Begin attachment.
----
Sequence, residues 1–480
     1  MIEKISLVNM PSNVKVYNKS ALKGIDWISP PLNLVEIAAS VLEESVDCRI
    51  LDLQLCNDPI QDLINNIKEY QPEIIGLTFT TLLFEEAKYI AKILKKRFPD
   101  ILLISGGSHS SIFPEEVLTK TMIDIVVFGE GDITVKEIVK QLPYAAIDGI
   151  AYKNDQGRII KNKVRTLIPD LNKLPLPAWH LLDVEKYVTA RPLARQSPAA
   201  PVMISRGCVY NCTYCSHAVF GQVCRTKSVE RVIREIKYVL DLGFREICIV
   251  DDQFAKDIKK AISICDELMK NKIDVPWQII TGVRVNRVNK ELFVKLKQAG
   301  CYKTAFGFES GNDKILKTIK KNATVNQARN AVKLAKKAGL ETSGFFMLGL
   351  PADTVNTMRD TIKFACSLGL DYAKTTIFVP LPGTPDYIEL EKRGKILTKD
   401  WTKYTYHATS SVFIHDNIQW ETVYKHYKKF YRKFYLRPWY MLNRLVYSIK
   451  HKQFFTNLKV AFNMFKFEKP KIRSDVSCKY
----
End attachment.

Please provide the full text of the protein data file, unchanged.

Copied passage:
Sequence, residues 1–480
     1  MIEKISLVNM PSNVKVYNKS ALKGIDWISP PLNLVEIAAS VLEESVDCRI
    51  LDLQLCNDPI QDLINNIKEY QPEIIGLTFT TLLFEEAKYI AKILKKRFPD
   101  ILLISGGSHS SIFPEEVLTK TMIDIVVFGE GDITVKEIVK QLPYAAIDGI
   151  AYKNDQGRII KNKVRTLIPD LNKLPLPAWH LLDVEKYVTA RPLARQSPAA
   201  PVMISRGCVY NCTYCSHAVF GQVCRTKSVE RVIREIKYVL DLGFREICIV
   251  DDQFAKDIKK AISICDELMK NKIDVPWQII TGVRVNRVNK ELFVKLKQAG
   301  CYKTAFGFES GNDKILKTIK KNATVNQARN AVKLAKKAGL ETSGFFMLGL
   351  PADTVNTMRD TIKFACSLGL DYAKTTIFVP LPGTPDYIEL EKRGKILTKD
   401  WTKYTYHATS SVFIHDNIQW ETVYKHYKKF YRKFYLRPWY MLNRLVYSIK
   451  HKQFFTNLKV AFNMFKFEKP KIRSDVSCKY